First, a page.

The Bourbon Monarchy Falls Twice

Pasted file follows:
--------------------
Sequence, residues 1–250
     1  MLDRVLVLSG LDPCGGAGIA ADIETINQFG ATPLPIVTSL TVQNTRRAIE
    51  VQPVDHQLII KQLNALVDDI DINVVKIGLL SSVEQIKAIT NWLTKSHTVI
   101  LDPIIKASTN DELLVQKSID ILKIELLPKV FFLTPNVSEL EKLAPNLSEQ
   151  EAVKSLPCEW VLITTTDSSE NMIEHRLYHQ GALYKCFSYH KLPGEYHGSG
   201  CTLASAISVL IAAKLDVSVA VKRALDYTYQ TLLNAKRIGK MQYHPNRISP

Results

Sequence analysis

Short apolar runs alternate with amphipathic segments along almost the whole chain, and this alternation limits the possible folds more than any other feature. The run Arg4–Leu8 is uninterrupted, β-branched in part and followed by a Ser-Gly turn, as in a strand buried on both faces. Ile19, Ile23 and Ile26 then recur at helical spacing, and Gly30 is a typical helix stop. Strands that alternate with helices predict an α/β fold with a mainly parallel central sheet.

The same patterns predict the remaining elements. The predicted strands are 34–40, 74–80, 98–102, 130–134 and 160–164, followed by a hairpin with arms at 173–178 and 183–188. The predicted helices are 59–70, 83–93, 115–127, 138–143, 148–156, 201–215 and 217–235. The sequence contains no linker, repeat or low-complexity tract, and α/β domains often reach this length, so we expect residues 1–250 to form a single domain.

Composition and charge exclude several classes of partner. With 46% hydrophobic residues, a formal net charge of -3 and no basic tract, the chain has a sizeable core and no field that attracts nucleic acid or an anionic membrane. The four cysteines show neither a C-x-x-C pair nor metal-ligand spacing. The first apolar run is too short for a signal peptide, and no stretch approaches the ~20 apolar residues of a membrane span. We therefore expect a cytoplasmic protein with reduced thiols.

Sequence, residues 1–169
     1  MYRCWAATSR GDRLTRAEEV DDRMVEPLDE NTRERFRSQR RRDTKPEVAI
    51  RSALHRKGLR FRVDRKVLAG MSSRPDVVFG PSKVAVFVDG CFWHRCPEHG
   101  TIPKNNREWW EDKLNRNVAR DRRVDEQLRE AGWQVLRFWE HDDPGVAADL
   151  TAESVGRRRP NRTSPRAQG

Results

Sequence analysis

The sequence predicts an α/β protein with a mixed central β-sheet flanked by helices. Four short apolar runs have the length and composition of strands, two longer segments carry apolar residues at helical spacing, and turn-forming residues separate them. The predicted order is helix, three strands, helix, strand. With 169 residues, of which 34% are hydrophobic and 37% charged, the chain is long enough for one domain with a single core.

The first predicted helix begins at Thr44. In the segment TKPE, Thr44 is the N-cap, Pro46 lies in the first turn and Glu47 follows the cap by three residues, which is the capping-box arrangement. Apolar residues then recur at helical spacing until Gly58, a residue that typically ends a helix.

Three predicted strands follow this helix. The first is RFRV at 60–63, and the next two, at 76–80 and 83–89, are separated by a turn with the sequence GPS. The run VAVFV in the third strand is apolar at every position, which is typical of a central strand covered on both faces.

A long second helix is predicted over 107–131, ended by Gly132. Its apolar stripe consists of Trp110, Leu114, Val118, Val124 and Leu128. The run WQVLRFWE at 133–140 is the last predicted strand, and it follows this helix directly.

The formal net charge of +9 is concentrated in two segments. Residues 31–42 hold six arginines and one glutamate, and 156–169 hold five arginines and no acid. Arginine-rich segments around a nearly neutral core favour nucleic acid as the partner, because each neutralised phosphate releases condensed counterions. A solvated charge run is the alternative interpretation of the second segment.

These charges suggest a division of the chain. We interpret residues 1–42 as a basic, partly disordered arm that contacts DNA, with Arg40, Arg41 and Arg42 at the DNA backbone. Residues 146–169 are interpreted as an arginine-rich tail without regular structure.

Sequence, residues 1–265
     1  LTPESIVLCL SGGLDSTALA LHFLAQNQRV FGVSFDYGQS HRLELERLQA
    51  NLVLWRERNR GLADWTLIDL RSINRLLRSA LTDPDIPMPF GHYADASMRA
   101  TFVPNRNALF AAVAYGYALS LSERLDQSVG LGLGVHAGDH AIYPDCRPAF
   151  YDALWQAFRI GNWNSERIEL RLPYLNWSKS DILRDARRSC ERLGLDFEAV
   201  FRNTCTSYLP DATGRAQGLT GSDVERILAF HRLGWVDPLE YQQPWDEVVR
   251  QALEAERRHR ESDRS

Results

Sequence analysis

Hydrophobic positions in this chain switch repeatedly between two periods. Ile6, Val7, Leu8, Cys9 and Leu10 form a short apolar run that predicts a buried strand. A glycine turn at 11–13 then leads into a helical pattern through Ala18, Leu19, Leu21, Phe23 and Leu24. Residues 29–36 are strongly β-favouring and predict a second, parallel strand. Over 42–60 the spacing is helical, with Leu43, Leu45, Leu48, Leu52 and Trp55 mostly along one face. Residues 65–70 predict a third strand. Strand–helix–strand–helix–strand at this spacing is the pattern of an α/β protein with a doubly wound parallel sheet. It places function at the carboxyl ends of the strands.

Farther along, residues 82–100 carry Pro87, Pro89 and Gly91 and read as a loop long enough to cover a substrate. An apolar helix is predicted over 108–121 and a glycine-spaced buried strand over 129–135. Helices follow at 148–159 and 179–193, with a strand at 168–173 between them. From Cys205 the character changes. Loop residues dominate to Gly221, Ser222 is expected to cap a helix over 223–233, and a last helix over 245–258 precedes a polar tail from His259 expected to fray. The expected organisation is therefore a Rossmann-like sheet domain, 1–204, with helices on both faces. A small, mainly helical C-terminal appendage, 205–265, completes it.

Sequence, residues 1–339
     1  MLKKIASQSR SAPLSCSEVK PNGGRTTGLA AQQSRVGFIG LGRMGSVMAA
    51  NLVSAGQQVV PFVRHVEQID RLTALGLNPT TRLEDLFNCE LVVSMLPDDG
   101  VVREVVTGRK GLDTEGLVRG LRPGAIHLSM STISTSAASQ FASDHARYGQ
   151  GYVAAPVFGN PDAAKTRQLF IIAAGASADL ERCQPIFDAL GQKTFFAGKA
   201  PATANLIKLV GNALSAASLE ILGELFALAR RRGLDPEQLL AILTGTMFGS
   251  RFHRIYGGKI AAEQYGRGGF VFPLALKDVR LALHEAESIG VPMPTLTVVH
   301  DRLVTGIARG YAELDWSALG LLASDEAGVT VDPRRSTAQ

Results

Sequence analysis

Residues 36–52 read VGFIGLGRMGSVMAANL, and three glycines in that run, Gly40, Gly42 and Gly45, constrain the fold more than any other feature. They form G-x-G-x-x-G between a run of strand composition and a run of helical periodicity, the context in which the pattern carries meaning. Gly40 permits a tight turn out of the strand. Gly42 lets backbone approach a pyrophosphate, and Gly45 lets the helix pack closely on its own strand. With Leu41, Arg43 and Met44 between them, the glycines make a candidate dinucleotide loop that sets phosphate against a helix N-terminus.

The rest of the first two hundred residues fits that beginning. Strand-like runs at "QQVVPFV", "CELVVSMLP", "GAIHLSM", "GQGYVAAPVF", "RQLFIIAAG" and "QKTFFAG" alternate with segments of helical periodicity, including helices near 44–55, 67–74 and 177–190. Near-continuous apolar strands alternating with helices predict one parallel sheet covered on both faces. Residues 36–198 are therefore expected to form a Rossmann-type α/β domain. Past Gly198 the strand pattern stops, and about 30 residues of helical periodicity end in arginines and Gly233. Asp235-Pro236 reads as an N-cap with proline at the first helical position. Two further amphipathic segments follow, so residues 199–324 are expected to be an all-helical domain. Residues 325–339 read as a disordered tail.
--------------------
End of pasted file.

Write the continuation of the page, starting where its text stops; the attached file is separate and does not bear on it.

This chapter examines the two revolutions that caused the downfall of the Bourbon monarchy in France in 1792 and again in 1830. It begins with an overview of the Parisian police and its responsibilities, along with the royal structure for public order. It then considers the use of the royal army to deal with public disturbances and goes on to describe the geography of Paris before Baron Georges-Eugène Hausmann rebuilt the city for Napoleon III in the 1850s and 1860s. It also discusses the causes of revolutions in France and the different patterns of behavior or types of threat that a regime might face. Finally, it explains the causes and events leading to the French Revolution that overthrew the Bourbons in 1792, the return of the brothers of the executed King Louis XVI to rule France under a self-imposed form of constitutional monarchy in 1814 and 1815, and the July Revolution of 1830 that led to the collapse of the Bourbon monarchy for the second time.
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